• At some point, our body check will not measure up to the standards of our inner critic
  • We begin to assess our value based on our physical appearance

Body Checking Examples

Most people are not aware of all the ways they could be body checking and how intrusive it is in their lives.

Here are a few body-checking examples: 

  • Constantly checking yourself in reflective surfaces (e.g. a mirror)
  • Tugging on clothes to make them fit you in a certain way
  • Comparing yourself to others in person or on social media
  •  Weighing yourself
  • Repeatedly checking how your clothes fit
  • Pinching your skin
  • Continually seeking reassurance about your weight/shape
  • Pinching other people’s bodies/assessing for body fatness or muscle
  • Measuring your body parts (for example measuring your waist or thighs with a tape measure)
  • Putting fingers/hands around your body parts to measure 
  • Using cameras to take photos or videos of yourself and observe them

What Is Mirror Checking

Mirror checking is a form of body checking in which we utilize reflective surfaces (mirrors, windows, stainless steel ovens and fridges, screens and car doors) to measure and monitor certain body parts.

If you’re mirror-checking you will notice

  • Your stress levels increase around mirrors
  • Intense shame, guilt, fear, and sadness after a mirror check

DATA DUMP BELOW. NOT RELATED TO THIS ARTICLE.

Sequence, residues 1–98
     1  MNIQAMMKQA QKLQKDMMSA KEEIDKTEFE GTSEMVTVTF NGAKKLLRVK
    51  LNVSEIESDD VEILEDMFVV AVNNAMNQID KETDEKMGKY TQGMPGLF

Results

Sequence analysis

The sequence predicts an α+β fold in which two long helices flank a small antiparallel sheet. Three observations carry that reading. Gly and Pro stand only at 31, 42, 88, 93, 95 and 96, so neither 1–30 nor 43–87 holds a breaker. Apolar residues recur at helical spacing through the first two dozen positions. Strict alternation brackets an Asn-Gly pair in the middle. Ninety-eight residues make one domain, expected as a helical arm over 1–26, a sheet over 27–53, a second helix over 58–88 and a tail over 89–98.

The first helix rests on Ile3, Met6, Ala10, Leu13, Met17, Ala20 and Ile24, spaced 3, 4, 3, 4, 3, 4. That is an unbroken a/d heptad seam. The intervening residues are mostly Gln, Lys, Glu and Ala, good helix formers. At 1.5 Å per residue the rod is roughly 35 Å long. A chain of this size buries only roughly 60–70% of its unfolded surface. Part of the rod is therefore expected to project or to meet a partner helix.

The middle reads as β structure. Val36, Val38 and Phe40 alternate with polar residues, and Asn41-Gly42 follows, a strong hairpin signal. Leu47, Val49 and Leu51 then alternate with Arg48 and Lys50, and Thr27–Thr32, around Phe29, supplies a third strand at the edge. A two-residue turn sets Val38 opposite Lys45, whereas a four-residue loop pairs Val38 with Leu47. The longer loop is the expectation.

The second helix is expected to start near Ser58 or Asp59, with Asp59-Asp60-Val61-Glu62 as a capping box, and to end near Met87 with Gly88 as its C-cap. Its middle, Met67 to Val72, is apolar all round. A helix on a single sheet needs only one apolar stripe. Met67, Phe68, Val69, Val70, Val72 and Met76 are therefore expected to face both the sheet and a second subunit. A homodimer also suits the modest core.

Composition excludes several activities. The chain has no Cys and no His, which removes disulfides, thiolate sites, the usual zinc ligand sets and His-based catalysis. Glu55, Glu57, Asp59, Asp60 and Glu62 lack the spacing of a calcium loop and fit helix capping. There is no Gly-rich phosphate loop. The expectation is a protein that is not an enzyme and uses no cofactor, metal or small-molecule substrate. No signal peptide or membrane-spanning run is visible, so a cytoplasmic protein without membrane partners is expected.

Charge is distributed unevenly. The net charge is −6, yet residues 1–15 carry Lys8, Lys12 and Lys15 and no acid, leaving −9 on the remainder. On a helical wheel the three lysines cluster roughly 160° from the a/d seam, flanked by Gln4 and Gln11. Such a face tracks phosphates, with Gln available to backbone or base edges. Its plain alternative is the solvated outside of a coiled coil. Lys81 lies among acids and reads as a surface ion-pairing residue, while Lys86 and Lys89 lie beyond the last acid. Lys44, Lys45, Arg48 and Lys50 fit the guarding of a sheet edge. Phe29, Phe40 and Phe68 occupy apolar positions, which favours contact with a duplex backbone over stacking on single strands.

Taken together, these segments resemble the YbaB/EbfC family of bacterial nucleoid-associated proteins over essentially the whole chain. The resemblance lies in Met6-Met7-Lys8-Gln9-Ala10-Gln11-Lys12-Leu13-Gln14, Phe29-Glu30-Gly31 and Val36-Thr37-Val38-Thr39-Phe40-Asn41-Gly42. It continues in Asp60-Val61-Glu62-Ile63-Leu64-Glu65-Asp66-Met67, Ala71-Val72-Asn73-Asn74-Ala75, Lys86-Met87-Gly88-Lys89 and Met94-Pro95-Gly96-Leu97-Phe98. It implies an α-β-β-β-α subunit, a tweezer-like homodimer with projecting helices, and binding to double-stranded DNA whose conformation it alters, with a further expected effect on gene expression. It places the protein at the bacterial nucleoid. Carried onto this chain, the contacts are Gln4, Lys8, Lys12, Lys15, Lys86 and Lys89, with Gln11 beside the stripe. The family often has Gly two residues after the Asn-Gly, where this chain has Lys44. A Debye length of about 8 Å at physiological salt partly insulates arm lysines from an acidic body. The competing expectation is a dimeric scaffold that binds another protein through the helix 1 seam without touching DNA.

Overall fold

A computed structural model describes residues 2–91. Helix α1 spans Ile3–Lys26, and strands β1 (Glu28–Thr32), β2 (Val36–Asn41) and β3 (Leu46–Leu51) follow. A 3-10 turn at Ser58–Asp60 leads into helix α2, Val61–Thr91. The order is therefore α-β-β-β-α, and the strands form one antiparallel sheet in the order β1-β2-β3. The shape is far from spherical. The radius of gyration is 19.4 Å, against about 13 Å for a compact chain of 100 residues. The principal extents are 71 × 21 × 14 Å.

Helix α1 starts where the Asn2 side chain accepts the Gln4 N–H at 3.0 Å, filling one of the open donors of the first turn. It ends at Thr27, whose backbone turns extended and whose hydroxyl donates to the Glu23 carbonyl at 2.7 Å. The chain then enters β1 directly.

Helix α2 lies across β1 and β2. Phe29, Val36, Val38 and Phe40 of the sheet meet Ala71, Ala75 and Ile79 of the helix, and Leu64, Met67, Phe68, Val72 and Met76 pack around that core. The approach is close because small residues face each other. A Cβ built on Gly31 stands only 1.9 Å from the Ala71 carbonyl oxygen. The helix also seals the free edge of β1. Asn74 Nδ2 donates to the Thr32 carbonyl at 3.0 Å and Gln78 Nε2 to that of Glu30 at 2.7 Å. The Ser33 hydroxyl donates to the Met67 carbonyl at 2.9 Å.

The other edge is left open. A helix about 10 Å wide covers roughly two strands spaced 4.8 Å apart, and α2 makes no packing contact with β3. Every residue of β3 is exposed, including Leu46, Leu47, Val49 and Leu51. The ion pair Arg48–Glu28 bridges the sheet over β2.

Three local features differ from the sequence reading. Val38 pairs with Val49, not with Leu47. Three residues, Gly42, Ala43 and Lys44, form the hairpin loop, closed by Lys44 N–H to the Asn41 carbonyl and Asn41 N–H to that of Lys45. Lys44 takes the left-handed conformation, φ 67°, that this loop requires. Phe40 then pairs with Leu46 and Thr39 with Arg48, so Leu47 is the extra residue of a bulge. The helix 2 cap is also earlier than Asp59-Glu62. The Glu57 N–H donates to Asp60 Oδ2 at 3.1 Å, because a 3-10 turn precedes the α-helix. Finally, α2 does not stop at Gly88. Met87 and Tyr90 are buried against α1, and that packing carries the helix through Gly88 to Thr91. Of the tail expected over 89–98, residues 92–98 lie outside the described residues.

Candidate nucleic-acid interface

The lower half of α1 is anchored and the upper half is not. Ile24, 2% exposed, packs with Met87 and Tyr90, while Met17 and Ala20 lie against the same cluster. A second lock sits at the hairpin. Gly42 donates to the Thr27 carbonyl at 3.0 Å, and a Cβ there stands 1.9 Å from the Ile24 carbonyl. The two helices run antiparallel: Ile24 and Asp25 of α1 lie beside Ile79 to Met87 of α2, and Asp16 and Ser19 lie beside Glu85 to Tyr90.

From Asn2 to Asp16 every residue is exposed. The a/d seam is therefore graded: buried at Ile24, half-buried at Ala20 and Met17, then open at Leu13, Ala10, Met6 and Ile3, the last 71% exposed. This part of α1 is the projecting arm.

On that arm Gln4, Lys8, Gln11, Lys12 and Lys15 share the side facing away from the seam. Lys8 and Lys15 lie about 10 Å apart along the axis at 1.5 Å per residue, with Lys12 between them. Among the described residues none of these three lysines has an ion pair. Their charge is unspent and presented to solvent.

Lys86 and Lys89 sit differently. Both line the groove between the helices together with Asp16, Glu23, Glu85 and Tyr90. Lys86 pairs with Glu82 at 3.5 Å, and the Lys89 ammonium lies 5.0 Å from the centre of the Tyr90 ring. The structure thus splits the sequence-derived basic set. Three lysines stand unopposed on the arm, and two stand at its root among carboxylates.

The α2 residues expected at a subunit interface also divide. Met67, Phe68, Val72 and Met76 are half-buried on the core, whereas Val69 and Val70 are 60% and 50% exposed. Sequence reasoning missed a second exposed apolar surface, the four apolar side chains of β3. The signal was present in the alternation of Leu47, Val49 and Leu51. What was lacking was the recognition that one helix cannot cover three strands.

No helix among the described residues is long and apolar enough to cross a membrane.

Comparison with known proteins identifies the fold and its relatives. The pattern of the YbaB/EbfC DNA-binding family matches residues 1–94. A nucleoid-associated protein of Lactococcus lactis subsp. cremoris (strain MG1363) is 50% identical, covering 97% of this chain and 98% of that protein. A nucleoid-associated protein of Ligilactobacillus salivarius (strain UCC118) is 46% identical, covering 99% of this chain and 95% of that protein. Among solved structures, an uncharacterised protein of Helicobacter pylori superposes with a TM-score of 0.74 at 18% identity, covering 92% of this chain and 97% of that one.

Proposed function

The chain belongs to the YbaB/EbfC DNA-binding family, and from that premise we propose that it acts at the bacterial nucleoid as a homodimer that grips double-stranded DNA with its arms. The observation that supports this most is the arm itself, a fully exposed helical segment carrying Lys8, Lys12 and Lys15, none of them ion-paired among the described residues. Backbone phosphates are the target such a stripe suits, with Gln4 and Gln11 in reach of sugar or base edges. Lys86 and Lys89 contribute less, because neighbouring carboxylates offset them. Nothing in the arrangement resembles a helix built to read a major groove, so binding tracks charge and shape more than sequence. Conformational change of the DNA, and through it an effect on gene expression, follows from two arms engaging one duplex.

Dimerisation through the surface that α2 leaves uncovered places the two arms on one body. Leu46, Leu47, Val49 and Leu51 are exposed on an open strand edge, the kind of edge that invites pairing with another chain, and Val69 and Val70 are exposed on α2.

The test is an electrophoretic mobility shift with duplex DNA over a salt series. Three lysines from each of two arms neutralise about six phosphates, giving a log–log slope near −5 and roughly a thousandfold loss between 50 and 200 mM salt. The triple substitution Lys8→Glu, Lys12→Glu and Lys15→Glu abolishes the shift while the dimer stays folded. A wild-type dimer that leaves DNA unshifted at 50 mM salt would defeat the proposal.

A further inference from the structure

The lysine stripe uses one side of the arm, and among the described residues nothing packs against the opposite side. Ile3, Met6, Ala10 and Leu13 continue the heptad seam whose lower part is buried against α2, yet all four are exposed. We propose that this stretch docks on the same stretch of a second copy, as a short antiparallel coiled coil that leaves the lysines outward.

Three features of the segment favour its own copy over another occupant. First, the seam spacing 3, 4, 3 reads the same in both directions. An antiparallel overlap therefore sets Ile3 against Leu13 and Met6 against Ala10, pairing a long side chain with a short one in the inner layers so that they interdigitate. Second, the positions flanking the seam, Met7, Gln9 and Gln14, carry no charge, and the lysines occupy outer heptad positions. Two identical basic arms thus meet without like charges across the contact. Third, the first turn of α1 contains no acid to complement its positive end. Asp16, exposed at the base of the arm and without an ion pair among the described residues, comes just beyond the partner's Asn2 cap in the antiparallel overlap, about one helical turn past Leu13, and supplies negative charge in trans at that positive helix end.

• Being pulled from a high to a low mood if you accidentally encounter a reflective surface
  • Avoidance of reflective surfaces or mirrors
  • The need to “correct” flaws perceived in the mirror

It’s critical to recognize that our minds are responsible for what is seen in the mirror. If we’re seeking out flaws and experiencing negative body image, the mirror is likely to reflect that.

You may be experiencing body dysmorphia, in which case the mirror is not an accurate representation of what is happening in the world.

If you want to stop mirror checking try:

  • covering mirrors where possible
  • Writing body-positive affirmations on mirrors
  • Refer to your body as she/her, they/them, or he/him instead of “it” or that”
  • Post a picture of your child self on the mirror. If you feel inclined to speak negatively to yourself, imagine you are speaking to the child.

11 Ways To Stop Body Checking! 

Momentarily, body checking can make us feel calm, relieved, or even powerful. This is especially true if we feel we’ve met our expectations in that particular body check.

The trouble with body checking is:

  • The more we do it, the more we need to do it to remain calm